different port.

Cheers

Dennis je napisao/la:
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Re: Subnetting for Dummies
CrazyHorse wrote:

  >and you use 172.1.0.0 255.255.252.0 because with this subnet you have
  >2*255 and that is enough for your 500 clients.

With the above netmask of 255.255.252.0 (actually /22) you'll have 4*255-3
addresses. The desired 2*255-3 would be 255.255.254.0 (/23)

Regards

    fw

Re: Subnetting for Dummies
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I think you misread? Dont confuse me more! :) In the above scenario,
my LAN network was using class A, mask 255.0.0.0

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I understand that. But I dont why would I need to "preserve address
space" on my LAN (using the above scenario)....? Im starting with a
class A address of 10.0.0.0... are there not endless possibilities and
combinations of subnets I could use? This is where I am a bit foggy.

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Explain please? On my home lan my router uses NAT to split my one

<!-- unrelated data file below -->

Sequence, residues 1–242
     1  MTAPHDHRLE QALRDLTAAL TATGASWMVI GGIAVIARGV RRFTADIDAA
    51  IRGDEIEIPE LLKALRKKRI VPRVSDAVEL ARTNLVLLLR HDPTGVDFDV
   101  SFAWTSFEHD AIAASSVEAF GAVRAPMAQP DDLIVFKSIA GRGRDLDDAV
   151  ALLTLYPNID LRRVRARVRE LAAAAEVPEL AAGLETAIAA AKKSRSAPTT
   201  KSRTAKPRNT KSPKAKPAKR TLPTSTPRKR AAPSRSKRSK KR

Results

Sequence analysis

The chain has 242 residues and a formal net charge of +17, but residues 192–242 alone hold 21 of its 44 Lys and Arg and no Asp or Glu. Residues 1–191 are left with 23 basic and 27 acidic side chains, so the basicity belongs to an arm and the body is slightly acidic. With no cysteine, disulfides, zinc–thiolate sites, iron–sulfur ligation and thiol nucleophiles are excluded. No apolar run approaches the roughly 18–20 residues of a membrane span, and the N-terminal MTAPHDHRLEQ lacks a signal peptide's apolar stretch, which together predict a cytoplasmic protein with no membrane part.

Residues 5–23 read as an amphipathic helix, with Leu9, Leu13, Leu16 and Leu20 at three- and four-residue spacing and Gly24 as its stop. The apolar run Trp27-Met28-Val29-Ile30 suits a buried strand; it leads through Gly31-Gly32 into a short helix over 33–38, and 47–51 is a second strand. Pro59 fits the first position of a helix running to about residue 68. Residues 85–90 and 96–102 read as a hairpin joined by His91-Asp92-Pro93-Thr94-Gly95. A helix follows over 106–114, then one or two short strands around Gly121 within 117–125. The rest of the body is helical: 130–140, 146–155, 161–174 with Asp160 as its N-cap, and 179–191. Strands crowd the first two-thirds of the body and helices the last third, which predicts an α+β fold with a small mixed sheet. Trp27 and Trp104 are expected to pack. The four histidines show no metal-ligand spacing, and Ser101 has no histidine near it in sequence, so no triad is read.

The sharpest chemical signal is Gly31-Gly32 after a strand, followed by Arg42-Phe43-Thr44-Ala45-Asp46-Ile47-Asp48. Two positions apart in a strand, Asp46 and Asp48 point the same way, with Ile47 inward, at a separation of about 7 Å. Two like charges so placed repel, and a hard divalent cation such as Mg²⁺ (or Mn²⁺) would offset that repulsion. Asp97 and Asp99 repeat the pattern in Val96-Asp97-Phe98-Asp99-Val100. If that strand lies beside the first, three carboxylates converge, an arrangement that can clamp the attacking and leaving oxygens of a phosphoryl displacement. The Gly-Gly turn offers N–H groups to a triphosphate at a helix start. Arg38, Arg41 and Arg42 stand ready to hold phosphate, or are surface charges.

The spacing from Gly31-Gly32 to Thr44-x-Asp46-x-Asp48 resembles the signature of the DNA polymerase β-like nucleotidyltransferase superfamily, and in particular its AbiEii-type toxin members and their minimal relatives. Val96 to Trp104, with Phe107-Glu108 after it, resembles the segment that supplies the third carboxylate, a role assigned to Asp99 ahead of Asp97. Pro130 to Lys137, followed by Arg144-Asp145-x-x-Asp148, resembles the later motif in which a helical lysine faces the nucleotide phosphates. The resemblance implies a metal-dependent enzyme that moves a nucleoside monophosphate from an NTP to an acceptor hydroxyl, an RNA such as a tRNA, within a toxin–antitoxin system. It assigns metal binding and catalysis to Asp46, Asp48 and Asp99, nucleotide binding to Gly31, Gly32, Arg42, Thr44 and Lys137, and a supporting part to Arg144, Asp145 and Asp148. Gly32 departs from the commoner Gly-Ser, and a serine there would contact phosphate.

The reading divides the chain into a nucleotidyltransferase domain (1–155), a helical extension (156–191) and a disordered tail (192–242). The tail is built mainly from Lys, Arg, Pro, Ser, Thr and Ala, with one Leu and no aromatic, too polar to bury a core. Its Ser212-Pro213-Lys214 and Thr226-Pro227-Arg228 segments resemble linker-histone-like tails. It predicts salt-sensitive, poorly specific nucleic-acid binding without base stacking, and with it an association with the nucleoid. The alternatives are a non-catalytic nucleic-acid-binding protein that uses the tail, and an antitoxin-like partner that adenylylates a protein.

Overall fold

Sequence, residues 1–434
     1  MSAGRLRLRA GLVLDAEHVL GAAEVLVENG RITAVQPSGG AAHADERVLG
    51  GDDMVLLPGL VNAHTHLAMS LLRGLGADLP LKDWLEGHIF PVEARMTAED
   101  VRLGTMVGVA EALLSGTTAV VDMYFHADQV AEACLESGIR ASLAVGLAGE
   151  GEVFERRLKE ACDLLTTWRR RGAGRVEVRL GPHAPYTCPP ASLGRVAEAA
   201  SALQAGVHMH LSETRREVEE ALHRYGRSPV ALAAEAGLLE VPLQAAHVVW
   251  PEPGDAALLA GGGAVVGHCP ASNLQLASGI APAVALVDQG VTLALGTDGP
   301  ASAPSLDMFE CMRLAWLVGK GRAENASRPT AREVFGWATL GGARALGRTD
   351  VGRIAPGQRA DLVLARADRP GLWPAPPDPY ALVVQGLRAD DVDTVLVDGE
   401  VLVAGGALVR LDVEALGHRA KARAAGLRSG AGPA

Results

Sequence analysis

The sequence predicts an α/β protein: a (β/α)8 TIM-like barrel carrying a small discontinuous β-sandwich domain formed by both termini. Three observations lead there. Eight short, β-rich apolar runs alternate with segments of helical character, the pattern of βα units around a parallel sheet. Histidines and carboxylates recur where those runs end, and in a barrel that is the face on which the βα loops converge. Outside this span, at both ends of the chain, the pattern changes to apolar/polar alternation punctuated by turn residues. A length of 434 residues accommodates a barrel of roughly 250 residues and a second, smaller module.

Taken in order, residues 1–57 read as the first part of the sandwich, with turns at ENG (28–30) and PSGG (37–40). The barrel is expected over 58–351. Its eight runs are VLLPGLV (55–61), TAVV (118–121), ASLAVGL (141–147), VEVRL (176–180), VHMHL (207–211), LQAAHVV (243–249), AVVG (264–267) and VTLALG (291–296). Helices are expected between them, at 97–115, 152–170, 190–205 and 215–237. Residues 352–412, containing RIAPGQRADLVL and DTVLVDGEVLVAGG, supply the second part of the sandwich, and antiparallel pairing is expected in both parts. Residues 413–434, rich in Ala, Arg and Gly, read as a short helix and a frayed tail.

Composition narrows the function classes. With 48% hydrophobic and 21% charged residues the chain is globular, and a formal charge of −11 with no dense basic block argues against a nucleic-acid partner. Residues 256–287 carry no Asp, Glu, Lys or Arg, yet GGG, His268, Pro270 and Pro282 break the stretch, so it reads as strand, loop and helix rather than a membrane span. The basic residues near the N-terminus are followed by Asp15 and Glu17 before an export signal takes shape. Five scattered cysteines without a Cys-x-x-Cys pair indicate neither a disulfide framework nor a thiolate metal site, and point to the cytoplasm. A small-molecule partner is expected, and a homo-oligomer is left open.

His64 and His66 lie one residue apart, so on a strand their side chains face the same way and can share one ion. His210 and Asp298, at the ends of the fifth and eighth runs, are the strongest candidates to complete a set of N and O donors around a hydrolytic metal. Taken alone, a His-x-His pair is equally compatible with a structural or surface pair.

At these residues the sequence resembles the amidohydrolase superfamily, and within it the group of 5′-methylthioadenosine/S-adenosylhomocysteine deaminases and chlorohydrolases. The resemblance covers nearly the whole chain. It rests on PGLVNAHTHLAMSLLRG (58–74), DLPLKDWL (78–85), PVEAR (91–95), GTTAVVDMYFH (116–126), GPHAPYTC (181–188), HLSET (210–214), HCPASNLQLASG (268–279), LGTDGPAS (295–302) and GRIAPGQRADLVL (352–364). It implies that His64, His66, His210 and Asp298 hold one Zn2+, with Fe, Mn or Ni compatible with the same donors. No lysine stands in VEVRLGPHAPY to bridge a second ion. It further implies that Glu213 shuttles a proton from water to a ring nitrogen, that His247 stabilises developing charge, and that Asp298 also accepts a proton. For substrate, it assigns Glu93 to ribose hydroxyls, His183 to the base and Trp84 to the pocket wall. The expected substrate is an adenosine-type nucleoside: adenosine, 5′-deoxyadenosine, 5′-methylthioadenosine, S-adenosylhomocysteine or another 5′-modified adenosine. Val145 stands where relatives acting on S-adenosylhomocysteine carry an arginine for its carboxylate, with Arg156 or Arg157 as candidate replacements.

public IP address from my ISP into countless local IP addresses. What
is this 1:1 relationship you speak of?


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Hmm... I'm afraid to ask.. but what is PAT???



Re: Subnetting for Dummies
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Well, you don't actually HAVE TO subnet and preserve address space.  But,
you should keep an eye on the future and the bigger picture.  Suppose your
company grows and you end up with 30 locations.  Now, you have 30 subnets
that are needed (plus wan links, etc...)  Well, okay, you can tap into the
172 and 192 address.  But, if you had the same short sighted attitude, they
would run out quickly as well.  Also, as you grow, you will want to consider
address summarization.  When you don't consider your address plan ahead of
time, this will become a cumbersome process and you will end up needed to
renumber at that time.  As they say, a stitch in time...

Yes, there are endless (well, virtually endless) possibilites using the 10